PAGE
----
'It was not the wit of any particular lines; it was not the absurdity of any particular situation; it was not the genius of any particular actor that wrought the magic. It was the marvel of a musical in which music and comedy were in just proportion, in which good looks, good dancing, and good acting worked together for the common weal.
'the story was of three simple little curate's daughters who went up to London to earn their livings, as curates' daughter must, by serving tea in a Bond Street tea shop; and how from the start they were rivals of three great big ladies of the fashionable world, and by virtue of their country freshness and innocence successful rivals. The various adventures are distributed with even skill through the lay, and so skilfully commingled with the wayside flowers of song, dance, and jest that the little piece had the harmony and consistency of a work of art in its kind. The delicacy of the roseleaf is on every touch of character, and finish of the lapidary on every facet of wit.
'Particularly to be noticed is the manner in which the chorus is handled. Instead of the lumbering, obvious accessory, lugged in and chased out, it is an integral part of the story and of the scene. The costumes - country sporting suits and lawn gowns, Dutch peasants' dress, automobile cloaks, evening garments - were of the prettiest and pleasantly varied. The three scenes, and particularly that of the tea shop - a rich and quaint Dutch interior - were all that the eye could desire.
'It must be reported that in a performance that lasted from 8 until close unto midnight there were moments, especially in the later acts, that impressed the most enthusiastic as thin and long-drawn-out. At the end of a long run a play is often thus spun out with business not vitally necessary. For a beginning here a much short version would have been better, reserving the surplus for those who will almost certainly go to see it again and again.
'In Mr. G.P. Huntley we have gained a comedian of the first order. He had not been on the stage ten seconds when he had the house at his feet. His part was that of a twentieth century Dundreary, full of amiable vanities, absurd stupidities, and obvious blundering, with an underlying of horse sense. His remarks on golf, intermingled with the lingo of billiards, threw a light of fresh humor on a subject we had thought exhausted. And they were but an incident. Never in recent memory has so long an evening of silly ass conversation been so unflaggingly amusing. Except for an early engagement in one of the first American tours, Mr. Huntley was a stranger here; but from the moment he appeared last night there was no question that he is destined to fill a place in the hearts of all American admirers.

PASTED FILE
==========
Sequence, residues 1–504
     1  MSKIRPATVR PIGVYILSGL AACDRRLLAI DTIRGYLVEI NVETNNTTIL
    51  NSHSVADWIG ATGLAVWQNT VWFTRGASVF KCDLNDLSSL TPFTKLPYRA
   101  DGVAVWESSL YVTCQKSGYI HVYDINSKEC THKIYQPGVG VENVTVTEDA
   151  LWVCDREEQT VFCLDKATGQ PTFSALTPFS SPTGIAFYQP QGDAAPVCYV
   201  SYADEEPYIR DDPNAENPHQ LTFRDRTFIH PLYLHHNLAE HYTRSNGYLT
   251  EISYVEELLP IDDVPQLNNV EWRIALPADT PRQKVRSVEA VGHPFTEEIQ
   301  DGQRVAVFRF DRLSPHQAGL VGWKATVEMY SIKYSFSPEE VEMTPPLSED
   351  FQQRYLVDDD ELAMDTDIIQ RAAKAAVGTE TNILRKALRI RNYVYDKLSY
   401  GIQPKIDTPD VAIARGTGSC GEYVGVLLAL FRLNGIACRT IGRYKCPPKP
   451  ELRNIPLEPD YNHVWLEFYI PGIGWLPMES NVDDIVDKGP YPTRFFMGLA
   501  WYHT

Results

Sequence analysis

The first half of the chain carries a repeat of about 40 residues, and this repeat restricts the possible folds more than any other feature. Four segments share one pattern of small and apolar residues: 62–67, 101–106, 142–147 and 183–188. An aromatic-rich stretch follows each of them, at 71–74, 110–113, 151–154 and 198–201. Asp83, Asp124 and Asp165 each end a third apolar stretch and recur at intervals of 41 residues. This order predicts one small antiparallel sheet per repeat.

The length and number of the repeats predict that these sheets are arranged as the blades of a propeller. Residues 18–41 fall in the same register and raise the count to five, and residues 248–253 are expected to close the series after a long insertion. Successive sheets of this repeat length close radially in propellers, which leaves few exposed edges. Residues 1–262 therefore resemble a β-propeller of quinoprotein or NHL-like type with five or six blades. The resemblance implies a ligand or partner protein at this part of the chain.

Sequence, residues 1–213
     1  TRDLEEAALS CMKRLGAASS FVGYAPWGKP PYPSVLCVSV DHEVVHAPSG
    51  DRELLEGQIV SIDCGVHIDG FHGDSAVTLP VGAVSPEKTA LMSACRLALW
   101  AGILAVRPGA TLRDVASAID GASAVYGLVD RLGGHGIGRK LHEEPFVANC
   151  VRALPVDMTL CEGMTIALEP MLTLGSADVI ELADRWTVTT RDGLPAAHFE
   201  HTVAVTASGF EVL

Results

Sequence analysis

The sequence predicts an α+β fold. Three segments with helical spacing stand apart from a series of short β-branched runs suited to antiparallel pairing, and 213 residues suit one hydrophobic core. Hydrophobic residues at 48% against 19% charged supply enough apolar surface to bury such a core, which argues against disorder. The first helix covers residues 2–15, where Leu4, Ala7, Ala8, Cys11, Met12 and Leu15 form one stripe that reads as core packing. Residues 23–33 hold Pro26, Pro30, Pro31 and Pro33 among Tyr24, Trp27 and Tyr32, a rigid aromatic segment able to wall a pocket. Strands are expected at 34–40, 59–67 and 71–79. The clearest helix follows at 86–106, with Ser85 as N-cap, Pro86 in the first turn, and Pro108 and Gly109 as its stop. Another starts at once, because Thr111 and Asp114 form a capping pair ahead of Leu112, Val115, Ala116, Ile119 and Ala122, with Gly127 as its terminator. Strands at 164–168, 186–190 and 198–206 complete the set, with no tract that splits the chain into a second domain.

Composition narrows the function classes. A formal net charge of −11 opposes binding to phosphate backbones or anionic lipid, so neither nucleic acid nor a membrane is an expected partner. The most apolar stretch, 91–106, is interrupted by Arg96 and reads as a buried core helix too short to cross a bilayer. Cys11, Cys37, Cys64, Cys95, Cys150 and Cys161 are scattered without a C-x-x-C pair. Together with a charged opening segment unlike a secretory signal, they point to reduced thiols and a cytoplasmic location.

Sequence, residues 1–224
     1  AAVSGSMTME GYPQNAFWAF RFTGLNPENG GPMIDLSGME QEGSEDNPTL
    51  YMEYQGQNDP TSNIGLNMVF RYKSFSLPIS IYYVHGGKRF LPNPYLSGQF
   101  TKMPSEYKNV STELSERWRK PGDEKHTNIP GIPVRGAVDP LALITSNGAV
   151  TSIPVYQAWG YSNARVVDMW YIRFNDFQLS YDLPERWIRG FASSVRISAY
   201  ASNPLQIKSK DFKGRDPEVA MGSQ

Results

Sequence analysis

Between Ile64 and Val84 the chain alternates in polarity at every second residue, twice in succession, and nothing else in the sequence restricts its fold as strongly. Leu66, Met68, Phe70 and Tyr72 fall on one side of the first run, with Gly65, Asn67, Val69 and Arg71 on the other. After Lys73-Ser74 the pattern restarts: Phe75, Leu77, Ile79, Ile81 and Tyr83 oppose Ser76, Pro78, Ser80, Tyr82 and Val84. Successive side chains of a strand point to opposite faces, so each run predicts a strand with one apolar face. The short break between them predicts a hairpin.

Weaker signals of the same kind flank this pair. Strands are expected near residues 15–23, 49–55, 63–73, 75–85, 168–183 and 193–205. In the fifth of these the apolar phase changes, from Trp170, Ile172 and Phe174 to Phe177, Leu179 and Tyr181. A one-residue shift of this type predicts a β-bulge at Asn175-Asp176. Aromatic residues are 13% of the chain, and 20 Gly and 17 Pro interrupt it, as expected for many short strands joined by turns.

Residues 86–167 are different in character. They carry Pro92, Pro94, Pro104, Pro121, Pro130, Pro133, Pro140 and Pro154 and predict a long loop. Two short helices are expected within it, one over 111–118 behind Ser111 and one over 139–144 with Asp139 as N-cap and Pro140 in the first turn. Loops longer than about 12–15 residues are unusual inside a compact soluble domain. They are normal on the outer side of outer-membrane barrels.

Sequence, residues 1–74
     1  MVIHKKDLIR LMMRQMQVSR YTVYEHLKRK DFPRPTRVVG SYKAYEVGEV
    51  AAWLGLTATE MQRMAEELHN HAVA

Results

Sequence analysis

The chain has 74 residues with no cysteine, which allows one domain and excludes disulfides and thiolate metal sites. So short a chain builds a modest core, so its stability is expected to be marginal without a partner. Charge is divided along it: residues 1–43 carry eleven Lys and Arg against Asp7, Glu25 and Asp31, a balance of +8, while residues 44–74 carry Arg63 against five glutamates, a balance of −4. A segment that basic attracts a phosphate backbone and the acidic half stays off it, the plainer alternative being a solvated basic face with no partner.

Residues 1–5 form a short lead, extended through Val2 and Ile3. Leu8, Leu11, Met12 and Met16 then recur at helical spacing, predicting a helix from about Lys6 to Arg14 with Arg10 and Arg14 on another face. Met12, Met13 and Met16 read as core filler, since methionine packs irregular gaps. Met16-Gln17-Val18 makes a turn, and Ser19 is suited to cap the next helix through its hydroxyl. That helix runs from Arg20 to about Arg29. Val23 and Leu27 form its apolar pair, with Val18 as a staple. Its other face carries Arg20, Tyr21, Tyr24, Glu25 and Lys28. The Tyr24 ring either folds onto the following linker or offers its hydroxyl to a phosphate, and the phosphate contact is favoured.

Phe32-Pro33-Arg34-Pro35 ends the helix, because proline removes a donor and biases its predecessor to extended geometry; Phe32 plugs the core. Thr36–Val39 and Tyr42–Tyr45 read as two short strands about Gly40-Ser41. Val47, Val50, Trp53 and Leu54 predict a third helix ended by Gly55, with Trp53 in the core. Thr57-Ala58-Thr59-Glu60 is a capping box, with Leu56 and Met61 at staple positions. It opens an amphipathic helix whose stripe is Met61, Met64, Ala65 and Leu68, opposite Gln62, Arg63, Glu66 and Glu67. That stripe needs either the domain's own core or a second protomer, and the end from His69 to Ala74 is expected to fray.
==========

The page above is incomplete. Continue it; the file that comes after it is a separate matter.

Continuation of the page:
'Mr. Maurice Farkoa, who is obviously foreign as his name, and - unless he be French - of quite as indeterminate nationality, sang and made love with the finish and exquisite humor of Parisian vaudeville comedy - a kind of piece to which the play is the nearest possible equivalent in terms of pinkly proper English taste. As a golf caddy and later as a tea shop boy, Mr. George Carroll added a welcome touch of grotesque comedy.
'But the three little maids! Miss Maggie May takes the place which Miss Edna of the same name (but no relation) held in the London production, and, it is said, is the only new-comer in the cast [sic; Elsa Ryan played Hilda Branscombe; Maggie May was a member of the chorus and understudy]. Her sisters are Miss Madge Crichton [as Ada Branscombe] and Miss Delia Mason [as Edna Branscombe]. The good looks of the trio are undoubted, but what one remembers about them is the grace of their acting and dancing, the charming and unpretentious melody of their songs.
'Altogether an almost perfect evening. And if there is too much of it - there is enough of the same to make less!'
(The New York Times, Wednesday, 2 September 1903, p.3c)

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© John Culme, 2008